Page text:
One of the most amazing things about this book to me is that it's a first novel. I never would have guessed that from reading it. It's beautifully paced, the characterization is deep and compelling, and Leckie avoids any sign of the typical first-novel problem of stuffing the book with too much Stuff. Ancillary Justice is a capable and confident novel that builds a compelling world and even more compelling characters. I liked it more than I like most of the Culture novels, which is saying quite a lot, but Leckie offers much of the same scope with deeper and more personal characterization and a tighter plot.

I haven't yet remarked on one aspect of this book that every other review seems to remark on: its treatment of gender. The Radch do not recognize or care about gender distinctions, and therefore Breq struggles throughout the book with proper gender labeling in much the same way that a native English speaker tends to struggle with grammatical gender when learning a Romance language, except with more social consequences. Leckie has chosen to represent this in the novel by having Breq refer to everyone uniformly as "she." This has its pluses and minuses: it still supports a binary gender concept where a gender-neutral pronoun might not, but given all the negative reaction this book got just for using "she," a gender-neutral pronoun might be a bridge too far for a lot of readers. I thought it created a nice bit of alienation, a way of forcing the reader to look at gender markers from the outside and a way to point out how arbitrary many of them are. It was also interesting to see how surprised I was at various points in the book when it became obvious that some person Breq had been calling "she" in the first-person narration turned out, from story context, to probably be male.

That said, I think this part of the book is overblown in reviews. It's often the first thing people mention, but while it was a nice side bit of world-building, I don't think it's that central to the story. I'm particularly baffled by the handful of people who complained about it, since it's not intrusive and it quickly fades into the background apart from occasional necessary shifts of mental image. (It does create the impression of a world containing only women, but I found that a nice change from the more common impression in space opera of a world containing only men.)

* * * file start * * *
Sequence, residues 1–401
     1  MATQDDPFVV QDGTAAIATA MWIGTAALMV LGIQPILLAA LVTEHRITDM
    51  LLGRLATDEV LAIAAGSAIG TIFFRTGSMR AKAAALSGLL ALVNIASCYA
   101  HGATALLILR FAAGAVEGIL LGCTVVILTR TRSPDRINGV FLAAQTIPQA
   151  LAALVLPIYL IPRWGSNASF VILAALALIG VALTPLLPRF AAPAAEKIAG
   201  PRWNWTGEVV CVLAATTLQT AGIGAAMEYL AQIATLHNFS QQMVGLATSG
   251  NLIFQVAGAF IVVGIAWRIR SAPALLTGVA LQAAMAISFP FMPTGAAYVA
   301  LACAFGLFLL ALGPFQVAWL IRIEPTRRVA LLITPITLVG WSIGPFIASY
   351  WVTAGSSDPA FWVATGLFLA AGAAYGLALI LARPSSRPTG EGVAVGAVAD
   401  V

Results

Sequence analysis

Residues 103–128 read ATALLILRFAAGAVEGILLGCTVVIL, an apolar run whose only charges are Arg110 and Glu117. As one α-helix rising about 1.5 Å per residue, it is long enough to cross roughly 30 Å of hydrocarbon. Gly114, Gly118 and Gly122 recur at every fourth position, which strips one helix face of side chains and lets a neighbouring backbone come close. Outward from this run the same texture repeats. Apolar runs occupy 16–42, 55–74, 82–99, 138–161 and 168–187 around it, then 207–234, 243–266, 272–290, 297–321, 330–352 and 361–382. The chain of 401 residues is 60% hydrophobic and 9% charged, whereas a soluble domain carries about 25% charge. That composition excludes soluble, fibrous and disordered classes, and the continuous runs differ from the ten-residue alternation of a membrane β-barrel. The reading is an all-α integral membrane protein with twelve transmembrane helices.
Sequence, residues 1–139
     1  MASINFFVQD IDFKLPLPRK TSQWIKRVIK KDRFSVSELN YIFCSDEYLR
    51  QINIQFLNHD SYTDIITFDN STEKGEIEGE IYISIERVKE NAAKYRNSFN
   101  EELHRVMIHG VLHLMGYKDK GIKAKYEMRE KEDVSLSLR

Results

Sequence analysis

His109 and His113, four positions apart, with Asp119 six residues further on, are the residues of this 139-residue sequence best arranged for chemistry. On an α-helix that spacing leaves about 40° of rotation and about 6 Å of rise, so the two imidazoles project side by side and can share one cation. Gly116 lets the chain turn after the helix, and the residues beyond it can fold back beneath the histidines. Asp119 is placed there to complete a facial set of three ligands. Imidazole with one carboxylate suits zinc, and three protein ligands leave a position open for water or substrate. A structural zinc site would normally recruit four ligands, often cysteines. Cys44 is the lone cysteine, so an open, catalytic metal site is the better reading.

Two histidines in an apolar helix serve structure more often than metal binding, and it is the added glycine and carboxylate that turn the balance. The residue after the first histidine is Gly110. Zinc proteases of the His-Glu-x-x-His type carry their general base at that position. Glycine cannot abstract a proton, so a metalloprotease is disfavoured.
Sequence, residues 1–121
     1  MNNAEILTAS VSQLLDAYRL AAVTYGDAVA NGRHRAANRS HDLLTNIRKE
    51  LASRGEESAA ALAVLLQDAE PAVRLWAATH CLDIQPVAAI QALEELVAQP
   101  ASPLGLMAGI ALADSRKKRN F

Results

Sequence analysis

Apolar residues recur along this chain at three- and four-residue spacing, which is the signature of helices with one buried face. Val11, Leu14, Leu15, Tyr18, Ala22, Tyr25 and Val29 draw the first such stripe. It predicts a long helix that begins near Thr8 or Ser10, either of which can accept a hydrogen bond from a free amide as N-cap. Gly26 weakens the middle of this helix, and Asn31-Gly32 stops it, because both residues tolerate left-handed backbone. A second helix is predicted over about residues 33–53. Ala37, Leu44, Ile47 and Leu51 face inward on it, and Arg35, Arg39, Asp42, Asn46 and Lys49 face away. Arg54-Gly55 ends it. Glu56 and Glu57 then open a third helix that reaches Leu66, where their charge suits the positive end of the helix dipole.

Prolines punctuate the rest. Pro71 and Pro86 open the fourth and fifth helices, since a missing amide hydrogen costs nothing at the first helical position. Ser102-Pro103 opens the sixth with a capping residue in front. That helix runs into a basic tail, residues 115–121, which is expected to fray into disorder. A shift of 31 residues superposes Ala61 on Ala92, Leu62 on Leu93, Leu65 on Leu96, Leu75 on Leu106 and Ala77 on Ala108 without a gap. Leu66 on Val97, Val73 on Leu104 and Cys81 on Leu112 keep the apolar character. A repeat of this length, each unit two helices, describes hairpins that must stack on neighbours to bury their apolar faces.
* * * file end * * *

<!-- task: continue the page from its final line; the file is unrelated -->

Ancillary Justice has already won the Nebula and Arthur C. Clarke awards and tied for the BSFA award for best novel, and I'm happy to report that it deserves all of those. I haven't yet read all of the other Hugo nominees, but it's hard to imagine a world in which it won't top my ballot. This is a fantastic novel, by far the best thing I've read so far this year. I'm delighted that it's the first book of a trilogy, since I'm not done with either the world or the characters yet, but it stands well on its own and reaches a satisfying conclusion. I recommend it to everyone, but particularly to anyone who likes Banks, intelligent ships, or who is looking for thoughtful and complex space opera.

Followed by Ancillary Sword.

Rating: 10 out of 10

Reviewed: 2014-06-30

Last spun 2023-06-28 from thread modified 2018-04-15